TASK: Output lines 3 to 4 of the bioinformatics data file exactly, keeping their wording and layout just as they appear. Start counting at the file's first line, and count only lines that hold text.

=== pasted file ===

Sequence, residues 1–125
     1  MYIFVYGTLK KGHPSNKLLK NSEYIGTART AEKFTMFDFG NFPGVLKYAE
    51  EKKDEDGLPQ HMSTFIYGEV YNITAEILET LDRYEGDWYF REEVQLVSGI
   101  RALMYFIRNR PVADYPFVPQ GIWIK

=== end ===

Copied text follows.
    51  EKKDEDGLPQ HMSTFIYGEV YNITAEILET LDRYEGDWYF REEVQLVSGI
   101  RALMYFIRNR PVADYPFVPQ GIWIK